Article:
Technology and Disability Policy Highlights: February 2016

Date of Publication: 
2016 April

In February, the Research Excellence and Advancements for Dyslexia Act (READ Act) became Public Law No:  114-124, establishing a Research in Disabilities Education program to work towards expanding interest in science, technology, engineering, and mathematics (STEM) for students with dyslexia or other disabilities. More now than ever, access to broadband services is integral to academic, and eventually, career achievements for people with and without disabilities alike. In an effort to ensure access to broadband services for low income Americans, 81 members of Congress signed a letter to FCC chairman Tom Wheeler on the subject of modernizing the current Lifeline program, and advocating for the inclusion of broadband internet services in Lifeline.

In the regulatory arena, the FCC adopted amendments to the closed captioning rules to increase access to televised video programming for Americans that are Deaf or hard of hearing.  The FCC is using these amendments to clarify which parties are responsible for the different aspects of delivery and quality of closed captioning on television. Additional actions under purview of CVAA implementation included the FCC Order granting an indefinite waiver extension of rules regarding the accessibility of e-readers.  As before, this waiver is for a narrow class of e-readers with the following features: 1) the device has no LCD screen; 2) the device has no Camera; 3) the device is not offered with built-in email or other similar ACS applications; and 4) the device is marketed as a reading device and does not advertise the capability to access advanced communications services (ACS).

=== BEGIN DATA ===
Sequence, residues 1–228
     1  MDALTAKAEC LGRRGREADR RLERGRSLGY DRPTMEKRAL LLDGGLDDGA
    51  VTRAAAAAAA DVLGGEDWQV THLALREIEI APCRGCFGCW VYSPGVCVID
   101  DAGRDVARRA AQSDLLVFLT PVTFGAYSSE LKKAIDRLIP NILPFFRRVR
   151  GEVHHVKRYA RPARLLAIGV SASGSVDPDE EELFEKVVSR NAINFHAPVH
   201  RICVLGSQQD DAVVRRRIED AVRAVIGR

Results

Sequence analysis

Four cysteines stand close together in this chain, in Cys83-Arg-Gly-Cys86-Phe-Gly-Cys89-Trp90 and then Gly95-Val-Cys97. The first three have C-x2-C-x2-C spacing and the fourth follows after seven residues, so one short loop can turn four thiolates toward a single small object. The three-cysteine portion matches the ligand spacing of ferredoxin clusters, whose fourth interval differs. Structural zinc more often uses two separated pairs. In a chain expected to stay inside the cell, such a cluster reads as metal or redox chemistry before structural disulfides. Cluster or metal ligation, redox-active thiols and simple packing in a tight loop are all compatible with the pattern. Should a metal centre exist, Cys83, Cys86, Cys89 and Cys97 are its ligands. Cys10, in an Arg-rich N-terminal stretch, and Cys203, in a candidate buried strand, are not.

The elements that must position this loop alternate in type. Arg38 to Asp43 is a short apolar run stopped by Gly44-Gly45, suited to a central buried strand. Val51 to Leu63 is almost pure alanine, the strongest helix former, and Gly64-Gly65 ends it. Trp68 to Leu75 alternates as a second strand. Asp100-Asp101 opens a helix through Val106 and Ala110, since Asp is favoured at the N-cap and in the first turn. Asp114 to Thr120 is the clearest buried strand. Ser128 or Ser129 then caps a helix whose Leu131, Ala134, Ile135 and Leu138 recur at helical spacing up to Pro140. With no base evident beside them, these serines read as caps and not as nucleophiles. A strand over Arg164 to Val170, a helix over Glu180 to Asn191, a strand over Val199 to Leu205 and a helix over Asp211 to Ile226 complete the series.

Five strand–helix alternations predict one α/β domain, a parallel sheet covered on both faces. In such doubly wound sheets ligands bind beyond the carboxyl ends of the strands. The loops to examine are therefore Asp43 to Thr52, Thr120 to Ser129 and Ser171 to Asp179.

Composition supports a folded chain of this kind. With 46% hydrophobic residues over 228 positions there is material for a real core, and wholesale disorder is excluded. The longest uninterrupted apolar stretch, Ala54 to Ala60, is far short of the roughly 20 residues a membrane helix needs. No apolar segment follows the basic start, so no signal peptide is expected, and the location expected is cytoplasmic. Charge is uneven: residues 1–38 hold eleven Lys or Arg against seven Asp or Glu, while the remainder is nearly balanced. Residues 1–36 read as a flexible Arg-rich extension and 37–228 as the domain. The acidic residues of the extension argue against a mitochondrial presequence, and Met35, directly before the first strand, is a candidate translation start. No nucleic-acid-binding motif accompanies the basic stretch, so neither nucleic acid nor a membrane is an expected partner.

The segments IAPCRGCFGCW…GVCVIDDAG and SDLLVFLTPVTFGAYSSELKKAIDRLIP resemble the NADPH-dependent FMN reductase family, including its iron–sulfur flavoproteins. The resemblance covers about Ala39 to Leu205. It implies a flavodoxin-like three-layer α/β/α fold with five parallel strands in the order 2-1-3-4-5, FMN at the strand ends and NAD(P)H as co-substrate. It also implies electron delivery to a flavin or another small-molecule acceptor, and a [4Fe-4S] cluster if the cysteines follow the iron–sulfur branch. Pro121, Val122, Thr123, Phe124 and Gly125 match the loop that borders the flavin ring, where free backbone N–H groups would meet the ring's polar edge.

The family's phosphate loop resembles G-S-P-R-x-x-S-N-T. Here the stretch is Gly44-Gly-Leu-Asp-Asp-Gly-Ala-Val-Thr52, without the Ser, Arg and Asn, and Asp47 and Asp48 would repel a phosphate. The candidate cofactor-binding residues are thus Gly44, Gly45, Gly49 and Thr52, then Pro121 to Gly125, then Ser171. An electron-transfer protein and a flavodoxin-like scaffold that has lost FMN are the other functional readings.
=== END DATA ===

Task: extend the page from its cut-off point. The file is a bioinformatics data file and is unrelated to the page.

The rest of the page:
In Wireless RERC news, we are pleased to announce funding of five new assistive technology apps for development and release in 2016 as part of our App Factory development project.  These new apps will provide solutions to a range of challenges that users with physical, sensory and cognitive impairments face. Regarding people who are deaf or hard of hearing the Wireless RERC filed comments in the FCC’s Hearing Aid Compatibility (HAC) Rulemaking. The comments were, in large part, informed by analyses of data collected via the Wireless RERC’s hearing aid compatibility (HAC) survey research which was designed to gather data from people who use hearing aids and cochlear implants on how well their hearing technology works with their wireless handsets. Finally, building upon research initiated via the Wireless RERC emergency communications research and development (R&D) projects, the final technical report of the DHS S&T funded project was released. Optimizing Ability of Message Receipt by People with Disabilities:  Prototype Findings Report/Vibration Scale Final Report, summarizes the findings of R&D efforts to understand and identify ways to ensure that people with disabilities had timely and effective access to WEA messages.


The contents of this website were developed under a grant from the National Institute on Disability, Independent Living, and Rehabilitation Research (NIDILRR grant number 90RE5025-01-00). NIDILRR is a Center within the Administration for Community Living (ACL), Department of Health and Human Services (HHS). The contents of this website do not necessarily represent the policy of NIDILRR, ACL, HHS, and you should not assume endorsement by the Federal Government.